What on earth is World Sleep Day?
WHY do we need a World Sleep Day?
WHY is Sleep such a big deal?
WHY is Sleep super important to us?
WHY do we ignore the value of sleep?
WHY do we bang on about wanting more sleep?
WHY do some of us feel exhausted after a sleep?
WHY do we need help to go to sleep?
WHY do we have sleep disorders?
WHY do some people have low Melatonin levels?
WHY are we struggling to fall asleep?
WHY are we not getting the quality of sleep we need?
WHY are we fighting our natural sleep rhythm?
WHY are our children taking sleep medication?
WHY are our teenagers ending up in hospital with lack of sleep?
WHY are some adults hooked on sleep medication?
WHY are sleeping pill sales increasing?
WHY are there so many things to help us sleep?
WHY are our pharmacies and drug stores full of sleep aids?
WHY has our world got sleep issues?
WHY is sleep no longer a natural normal thing in life?
In 2016, World Sleep Federation (WSF) and World Association of Sleep Medicine (WASM) collaborated to found one International organisation called World Sleep Society. (1)
World Sleep Federation is an international organisation founded in 1988 and comprised of the following charter members who represented 53 sleep societies and organisations and over 12,000 individuals.
American Academy of Sleep Medicine
Asian Sleep Research Society
Australasian Sleep Association
Canadian Sleep Society
European Sleep Research Society
Federation of Latin American Sleep Societies
Sleep Research Society
World Sleep Day is an awareness activity of World Sleep Society and their mission statement is to advance sleep health worldwide. (1)
Their goal and purpose is to advance knowledge about sleep, circadian rhythms, sleep health and sleep disorders worldwide, especially in those parts of the world where this knowledge has not advanced sufficiently.
World Sleep Society currently represents over 600 individual members, 19 societies and is located in over 50 countries and organises the World Sleep Congress.
Sleep Medicine is the official journal that focuses on the human aspects of sleep, integrating the various disciplines that are involved in sleep medicine: neurology, clinical neurophysiology, internal medicine (particularly pulmonology and cardiology), psychiatry, sleep technology, paediatrics, neurosurgery, otorhinolaryngology and dentistry. (2)
So this stuff is for the sleep medicine clinician and means little to most of us on the street wondering how on earth we can get to sleep like a baby.
So there you have it a quick snapshot of all the bigwigs and more, trying to sort out something that is natural for all of us called SLEEP.
What we can add up here is that many countries are involved, so it is a global thing and with the following statistics, we have confirmation that Sleep is a big issue and it is not going away.
Old statistics so what is going on today 5 years later?
What are the real figures?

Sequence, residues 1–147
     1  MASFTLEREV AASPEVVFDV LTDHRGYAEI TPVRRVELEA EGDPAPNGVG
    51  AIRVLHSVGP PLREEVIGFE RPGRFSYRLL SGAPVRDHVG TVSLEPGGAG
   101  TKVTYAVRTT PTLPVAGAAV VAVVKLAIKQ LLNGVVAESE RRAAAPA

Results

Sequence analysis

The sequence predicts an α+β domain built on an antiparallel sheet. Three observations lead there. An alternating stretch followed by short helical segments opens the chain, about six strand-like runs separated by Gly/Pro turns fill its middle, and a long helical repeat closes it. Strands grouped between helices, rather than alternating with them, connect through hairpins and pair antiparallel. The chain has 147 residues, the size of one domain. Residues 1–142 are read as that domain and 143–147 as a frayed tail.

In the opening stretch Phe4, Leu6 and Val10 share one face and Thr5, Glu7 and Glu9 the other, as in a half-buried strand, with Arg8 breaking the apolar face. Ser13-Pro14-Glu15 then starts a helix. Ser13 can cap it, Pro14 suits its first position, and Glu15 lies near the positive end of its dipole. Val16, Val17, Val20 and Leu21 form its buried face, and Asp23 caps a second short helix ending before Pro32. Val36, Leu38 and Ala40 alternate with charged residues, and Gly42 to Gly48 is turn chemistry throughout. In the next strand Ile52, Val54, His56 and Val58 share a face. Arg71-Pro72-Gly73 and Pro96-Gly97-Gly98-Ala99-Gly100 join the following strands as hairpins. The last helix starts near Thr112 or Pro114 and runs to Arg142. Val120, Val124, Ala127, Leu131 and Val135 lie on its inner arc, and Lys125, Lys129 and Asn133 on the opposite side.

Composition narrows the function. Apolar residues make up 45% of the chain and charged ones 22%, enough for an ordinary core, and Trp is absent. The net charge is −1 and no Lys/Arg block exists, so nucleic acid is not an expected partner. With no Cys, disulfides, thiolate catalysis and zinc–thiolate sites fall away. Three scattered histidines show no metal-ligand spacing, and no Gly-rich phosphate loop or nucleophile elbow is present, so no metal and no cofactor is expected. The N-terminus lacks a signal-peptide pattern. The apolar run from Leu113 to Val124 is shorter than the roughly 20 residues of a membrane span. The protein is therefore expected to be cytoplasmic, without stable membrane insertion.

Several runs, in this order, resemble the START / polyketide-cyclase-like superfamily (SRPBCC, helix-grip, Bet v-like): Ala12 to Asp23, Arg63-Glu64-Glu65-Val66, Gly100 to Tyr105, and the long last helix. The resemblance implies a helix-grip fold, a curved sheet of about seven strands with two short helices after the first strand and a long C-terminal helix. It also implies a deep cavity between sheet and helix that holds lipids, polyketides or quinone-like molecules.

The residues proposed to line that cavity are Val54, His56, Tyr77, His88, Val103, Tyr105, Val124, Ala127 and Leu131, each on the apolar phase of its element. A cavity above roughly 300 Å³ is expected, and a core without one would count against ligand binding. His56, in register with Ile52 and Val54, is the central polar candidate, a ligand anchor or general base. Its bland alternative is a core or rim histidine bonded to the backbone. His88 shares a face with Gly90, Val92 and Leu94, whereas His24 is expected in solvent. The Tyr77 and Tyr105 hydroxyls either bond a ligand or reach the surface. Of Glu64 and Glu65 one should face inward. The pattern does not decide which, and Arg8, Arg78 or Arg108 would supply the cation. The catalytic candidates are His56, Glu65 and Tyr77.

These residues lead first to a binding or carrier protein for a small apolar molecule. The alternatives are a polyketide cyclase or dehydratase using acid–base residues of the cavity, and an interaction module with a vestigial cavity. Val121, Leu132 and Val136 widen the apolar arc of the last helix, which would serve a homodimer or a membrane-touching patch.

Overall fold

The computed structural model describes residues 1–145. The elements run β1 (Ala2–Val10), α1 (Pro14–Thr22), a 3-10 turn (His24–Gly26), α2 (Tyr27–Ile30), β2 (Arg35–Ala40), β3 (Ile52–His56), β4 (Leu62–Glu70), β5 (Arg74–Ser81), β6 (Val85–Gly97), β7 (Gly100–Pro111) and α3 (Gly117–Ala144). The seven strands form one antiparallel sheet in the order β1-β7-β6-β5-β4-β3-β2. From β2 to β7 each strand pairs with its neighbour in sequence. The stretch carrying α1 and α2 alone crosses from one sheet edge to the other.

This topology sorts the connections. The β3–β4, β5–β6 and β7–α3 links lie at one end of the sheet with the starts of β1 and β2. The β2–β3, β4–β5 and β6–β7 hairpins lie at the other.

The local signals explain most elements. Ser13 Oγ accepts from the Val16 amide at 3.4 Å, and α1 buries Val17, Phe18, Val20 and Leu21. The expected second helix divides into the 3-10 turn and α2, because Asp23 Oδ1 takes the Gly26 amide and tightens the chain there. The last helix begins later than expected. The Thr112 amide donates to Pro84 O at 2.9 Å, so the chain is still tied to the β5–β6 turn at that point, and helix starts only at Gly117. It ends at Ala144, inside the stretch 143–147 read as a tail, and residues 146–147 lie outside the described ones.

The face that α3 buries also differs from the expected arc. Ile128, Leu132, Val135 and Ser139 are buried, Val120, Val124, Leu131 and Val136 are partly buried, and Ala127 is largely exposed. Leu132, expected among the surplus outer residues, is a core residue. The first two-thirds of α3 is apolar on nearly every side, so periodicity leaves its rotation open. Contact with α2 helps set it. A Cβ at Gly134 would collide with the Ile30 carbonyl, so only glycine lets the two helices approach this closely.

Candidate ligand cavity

WHY has the whole world got sleep stuff going on?
WHY are we not demanding more research?
WHY have the researchers gone to sleep about sleep?
WHY is this not making it to big news headlines?
So in the next three years we will be spending 80 billion dollars on finding ways to make us sleep.
That is a lot of money and would it be wise to stop and ask WHY do we need help to sleep?
What is going on inside our mind that is stopping us from sleeping?
How are we choosing to live every day that we need some aid to sleep?
WHY is this sleep aids’ market a multi multi billion dollar industry on the rise?
What is this spelling out to us?
What is it that we are simply not getting?
What is it that we just do not understand?
What is missing that is giving us a sleep issue?
More will be presented in our forthcoming book titled The Real Truth about Sleep including chapters on
(1) (2017). World Sleep Day. World Sleep Society. Retrieved March 11, 2017 from
(2) (2017). Sleep Medicine. Retrieved March 11, 2017 from
(3) Bestic, L. (2014, January 22). Sleep Disorders Go Beyond Insomnia. Raconteur. Retrieved March 11, 2017 from
(4) (2013, March 1). What You Need to Know about the Nation’s Sleep.
The Sleep Council. Retrieved March 13, 2017 from
(5) (2014). Raconteur. Retrieved March 11, 2017 from
(6) (2015, December 9). Insomnia. NHS Choices. Retrieved March 12, 2017 from
(7) (2013, March 1). The Great British Bedtime Report. The Sleep Council. (p. 18, p.31). Retrieved March 13, 2017 from
(8) (2016, October 7). Sleeping Disorder Statistics. Statistic Brain. Retrieved March 11, 2017 from
(9) Université Laval. (2011, September 8). Sleep Disorders Affect 40 Percent of Canadians. Science Daily. Retrieved March 13, 2017 from
(10) Adams, R., Appleton, S., Taylor, A., McEvoy, D., & Antic, N. (2016, March). Report to the Sleep Foundation – 2016 Sleep Health Survey of Australian Adults. (p. 2, p.8). Retrieved March 12, 2017 from
(11) Harper, P. (2012, March 16). Quarter of Kiwis Have Chronic Sleep Issues – Study. NZHerald.co.nz. Retrieved March 13, 2017 from
(12) O’Keeffe, K. (2013, December 9). Sleep Disorders in New Zealand Teenagers. Sciblogs. Retrieved March 13, 2017 from
(13) (2012, August 1). Global ‘Sleeplessness Epidemic’ Affects an Estimated 150 Million in Developing World. The University of Warwick. Retrieved March 13, 2017 from
(14) (2015, July 31). Global Sleep Aids Market Will Reach US $80.8 Bn by 2020: Persistence Market Research. GlobeNewswire. Retrieved March 12, 2017 from